This 'kiss of all kisses' albeit elusive, is woven into every fibre of human culture. It is a staple sweetmeat in the mediums of art, literature, poetry, film, photography and music but does it actually exist or is it the stuff of fairy tales?
According to Dr Henry Gibbons, kissing is defined scientifically as the "anatomical juxtaposition of two orbicularis oris muscles in a state of contraction," a practice known as 'osculation', from the Latin word osculum, 'mouth' or 'kiss'. Physically, one requires the use of all 34 facial muscles, along with 112 postural muscles, which are drawn together in an action similar to a drawstring purse being pulled tight.
Consider too the amount of bacteria exchanged in an open-mouthed 'love' kiss (apparently anything between 10 million and a billion colonies of the stuff). Yet despite the pitfalls of kissing - cold sores, strep throat and even meningitis - the kiss is recognised as an important gesture of social affection engendering intimacy and trust between two people. In Western society the true love kiss has been used to symbolise sexual love and intimacy throughout the ages. Socrates declared: "There is nothing which stirs up the fire of love so much as kisses."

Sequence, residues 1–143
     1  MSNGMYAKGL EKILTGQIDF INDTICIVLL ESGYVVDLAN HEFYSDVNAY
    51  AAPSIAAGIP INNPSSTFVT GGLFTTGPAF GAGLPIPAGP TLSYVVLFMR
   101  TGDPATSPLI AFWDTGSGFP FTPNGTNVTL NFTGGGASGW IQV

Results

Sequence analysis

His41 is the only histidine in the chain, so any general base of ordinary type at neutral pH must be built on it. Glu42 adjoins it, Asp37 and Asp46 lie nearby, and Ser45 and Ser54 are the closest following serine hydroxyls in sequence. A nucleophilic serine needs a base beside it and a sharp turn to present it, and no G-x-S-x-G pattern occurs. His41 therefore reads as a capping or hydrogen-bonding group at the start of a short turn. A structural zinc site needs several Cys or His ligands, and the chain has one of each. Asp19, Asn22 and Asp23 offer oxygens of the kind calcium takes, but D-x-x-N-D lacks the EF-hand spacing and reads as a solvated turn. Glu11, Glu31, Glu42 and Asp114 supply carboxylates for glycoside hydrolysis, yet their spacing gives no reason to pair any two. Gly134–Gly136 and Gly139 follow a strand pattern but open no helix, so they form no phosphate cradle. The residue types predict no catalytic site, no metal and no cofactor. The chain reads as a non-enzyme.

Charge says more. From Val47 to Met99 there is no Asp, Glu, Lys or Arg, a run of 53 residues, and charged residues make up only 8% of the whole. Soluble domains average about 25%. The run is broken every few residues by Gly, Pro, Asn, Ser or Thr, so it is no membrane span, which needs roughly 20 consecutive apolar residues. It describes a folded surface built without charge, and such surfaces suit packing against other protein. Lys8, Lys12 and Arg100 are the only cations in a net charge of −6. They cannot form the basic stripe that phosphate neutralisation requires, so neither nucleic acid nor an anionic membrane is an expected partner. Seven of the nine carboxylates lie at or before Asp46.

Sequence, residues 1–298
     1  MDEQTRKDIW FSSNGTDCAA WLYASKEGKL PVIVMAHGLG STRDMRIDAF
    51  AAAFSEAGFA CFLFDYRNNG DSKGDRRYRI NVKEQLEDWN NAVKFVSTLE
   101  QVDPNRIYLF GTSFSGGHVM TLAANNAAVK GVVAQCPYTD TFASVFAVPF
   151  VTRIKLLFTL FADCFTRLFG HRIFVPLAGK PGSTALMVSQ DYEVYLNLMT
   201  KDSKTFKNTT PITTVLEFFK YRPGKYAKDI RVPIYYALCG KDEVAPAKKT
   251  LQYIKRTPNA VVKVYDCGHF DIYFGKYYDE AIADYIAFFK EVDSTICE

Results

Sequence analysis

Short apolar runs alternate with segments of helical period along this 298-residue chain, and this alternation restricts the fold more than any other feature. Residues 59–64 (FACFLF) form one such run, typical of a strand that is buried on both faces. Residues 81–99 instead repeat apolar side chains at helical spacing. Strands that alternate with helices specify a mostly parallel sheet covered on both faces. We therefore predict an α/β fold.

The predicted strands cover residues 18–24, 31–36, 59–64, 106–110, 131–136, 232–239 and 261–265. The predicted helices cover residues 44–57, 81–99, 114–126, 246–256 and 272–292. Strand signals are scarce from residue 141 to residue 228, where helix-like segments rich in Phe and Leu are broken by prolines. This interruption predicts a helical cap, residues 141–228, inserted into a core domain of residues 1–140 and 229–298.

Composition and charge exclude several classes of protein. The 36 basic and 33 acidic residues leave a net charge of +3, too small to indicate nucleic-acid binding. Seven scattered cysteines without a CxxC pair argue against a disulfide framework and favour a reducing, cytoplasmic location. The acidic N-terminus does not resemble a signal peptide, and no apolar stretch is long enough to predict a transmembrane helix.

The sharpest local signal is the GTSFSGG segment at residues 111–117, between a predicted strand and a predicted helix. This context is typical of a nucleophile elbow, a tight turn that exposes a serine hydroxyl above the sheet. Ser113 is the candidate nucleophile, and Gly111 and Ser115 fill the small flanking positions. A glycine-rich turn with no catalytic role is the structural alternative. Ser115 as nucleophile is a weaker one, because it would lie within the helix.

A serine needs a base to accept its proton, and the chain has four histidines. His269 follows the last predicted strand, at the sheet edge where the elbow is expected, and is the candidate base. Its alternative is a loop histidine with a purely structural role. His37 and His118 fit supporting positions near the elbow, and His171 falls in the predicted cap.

Indeed, depending on the depth of passion, a kiss can ignite a plethora of emotional, sensual and physical reactions, from the dilation of one's pupils to the pounding of one's heart. What other gesture engages all of the senses? The lips are one of the most sensitive areas of the body and packed with nerve endings.
It will come as no surprise then to learn women use kissing as a device to assess potential mates. The fairer sex have a superior sense of taste and smell to men. Research has shown we prefer men with immune system proteins that differ from our own which in theory can lead to healthier offspring. Claus Wedekind, a Swiss zoologist, successfully tested this theory. However, it did not work on women who took the birth control pill, who tended instead to select men with genetically similar traits to them. This makes sense as, hormonally, the pill mimics the state of pregnancy - a time when most women feel safest with family.